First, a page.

You could integrate this function to be called silently from you code each couple of iterations, or use a timer object to have it called every X minutes...

The idea is to use thse undocumented functions feature memstats and feature dumpmem to get the largest free memory blocks available in addition to the largest variables currently allocated. Using that you could make a guess if there is a sign of memory fragmentation.

When detected, you would warn the user and instruct them you how to save their current session (export to MAT-file), restart the app, and restore the session upon restart.

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I like this; more feasible than wrapping all callbacks. You don't need to use feature memstats or dumpmem any more. The documented memory function now provides programmatic, structured access to the same data. Much nicer to work with. You could also look at lasterror to see if an out-of-memory error had been triggered somewhere else; that's global across call stacks. –  Andrew Janke Apr 25 '13 at 13:43
Wait, my bad - memory only lists the single largest free block; you still need feature memstats to get the top 10 or so, which is a useful indicator. Sorry; could have sworn there was another argout with the block list now. –  Andrew Janke Apr 25 '13 at 13:52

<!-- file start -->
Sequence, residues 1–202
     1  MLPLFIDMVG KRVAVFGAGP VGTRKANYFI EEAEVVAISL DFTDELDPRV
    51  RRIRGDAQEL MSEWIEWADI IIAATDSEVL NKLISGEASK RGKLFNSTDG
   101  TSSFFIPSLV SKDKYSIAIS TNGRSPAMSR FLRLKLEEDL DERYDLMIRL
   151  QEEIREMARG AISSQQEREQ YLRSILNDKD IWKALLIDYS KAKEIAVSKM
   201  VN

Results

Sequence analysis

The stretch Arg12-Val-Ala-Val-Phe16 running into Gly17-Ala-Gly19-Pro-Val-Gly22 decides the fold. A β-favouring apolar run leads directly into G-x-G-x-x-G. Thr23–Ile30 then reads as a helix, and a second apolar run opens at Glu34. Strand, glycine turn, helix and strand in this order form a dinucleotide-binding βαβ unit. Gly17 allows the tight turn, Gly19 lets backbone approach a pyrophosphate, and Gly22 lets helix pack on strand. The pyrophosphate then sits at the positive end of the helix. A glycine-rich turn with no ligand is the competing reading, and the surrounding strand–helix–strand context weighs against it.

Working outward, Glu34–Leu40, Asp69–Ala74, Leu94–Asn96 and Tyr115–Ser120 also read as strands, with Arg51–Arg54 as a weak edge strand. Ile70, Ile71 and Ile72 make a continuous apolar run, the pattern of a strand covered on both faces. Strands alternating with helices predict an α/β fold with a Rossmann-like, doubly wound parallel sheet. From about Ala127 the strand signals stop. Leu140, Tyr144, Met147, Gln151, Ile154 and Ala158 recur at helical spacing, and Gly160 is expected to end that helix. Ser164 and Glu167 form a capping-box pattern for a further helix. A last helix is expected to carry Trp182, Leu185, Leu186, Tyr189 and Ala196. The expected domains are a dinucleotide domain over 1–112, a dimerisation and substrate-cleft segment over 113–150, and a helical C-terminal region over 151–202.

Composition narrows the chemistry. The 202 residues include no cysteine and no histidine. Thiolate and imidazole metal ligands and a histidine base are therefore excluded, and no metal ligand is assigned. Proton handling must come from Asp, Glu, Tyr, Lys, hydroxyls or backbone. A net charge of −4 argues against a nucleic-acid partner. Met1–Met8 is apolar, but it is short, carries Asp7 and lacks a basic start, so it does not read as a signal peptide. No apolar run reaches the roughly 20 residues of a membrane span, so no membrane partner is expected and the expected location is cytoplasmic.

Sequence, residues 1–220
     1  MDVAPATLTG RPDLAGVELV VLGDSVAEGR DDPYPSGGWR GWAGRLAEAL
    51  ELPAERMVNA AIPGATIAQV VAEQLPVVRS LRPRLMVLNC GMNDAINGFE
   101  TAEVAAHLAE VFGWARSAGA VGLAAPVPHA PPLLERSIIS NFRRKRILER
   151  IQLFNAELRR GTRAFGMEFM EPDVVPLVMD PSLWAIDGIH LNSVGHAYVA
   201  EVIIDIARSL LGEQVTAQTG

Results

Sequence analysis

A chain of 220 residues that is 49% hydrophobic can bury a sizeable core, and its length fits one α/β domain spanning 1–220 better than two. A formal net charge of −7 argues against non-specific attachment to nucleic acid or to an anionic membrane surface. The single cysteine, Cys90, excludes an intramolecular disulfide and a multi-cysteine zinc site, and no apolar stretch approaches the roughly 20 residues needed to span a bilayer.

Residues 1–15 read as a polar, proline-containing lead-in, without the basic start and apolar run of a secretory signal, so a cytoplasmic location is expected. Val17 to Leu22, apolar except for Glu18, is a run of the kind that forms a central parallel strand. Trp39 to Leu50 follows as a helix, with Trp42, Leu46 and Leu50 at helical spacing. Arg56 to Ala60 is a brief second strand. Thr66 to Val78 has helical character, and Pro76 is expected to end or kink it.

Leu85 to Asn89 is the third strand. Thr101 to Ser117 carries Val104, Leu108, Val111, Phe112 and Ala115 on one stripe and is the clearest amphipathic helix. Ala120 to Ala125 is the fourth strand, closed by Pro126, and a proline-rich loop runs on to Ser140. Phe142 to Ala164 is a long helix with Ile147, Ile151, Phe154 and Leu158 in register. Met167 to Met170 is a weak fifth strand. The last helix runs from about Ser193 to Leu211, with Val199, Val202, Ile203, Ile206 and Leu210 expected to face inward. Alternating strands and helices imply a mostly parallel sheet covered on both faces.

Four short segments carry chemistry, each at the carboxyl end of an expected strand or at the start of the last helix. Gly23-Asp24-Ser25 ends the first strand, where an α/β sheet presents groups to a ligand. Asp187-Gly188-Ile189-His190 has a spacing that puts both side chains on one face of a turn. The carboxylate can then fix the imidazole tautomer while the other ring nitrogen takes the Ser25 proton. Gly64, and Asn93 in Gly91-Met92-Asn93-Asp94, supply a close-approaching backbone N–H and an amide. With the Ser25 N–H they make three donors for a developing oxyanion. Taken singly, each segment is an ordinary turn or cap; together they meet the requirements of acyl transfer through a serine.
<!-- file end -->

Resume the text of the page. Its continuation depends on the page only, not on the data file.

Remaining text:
@AndrewJanke: yes of course, no need for undocumented stuff :) Although you could do extra checks with dumpmem like seeing where DLLs are loaded in the virtual address space, since you could sometimes benefit from rebasing those offending DLLs that show up in the middle of large contiguous memory blocks –  Amro Apr 25 '13 at 13:55
Thanks Amro. Actually, there is no UI and interaction with user during the execution. The number of loops is automatically determined as a parameter at the beginning based on the load to be processed. I will update the question to reflect this. –  imriss Apr 25 '13 at 14:02
@Amro: Guess I would have noticed that if I had read through the chkmem you linked before I went off commenting. That totally makes sense. –  Andrew Janke Apr 25 '13 at 14:07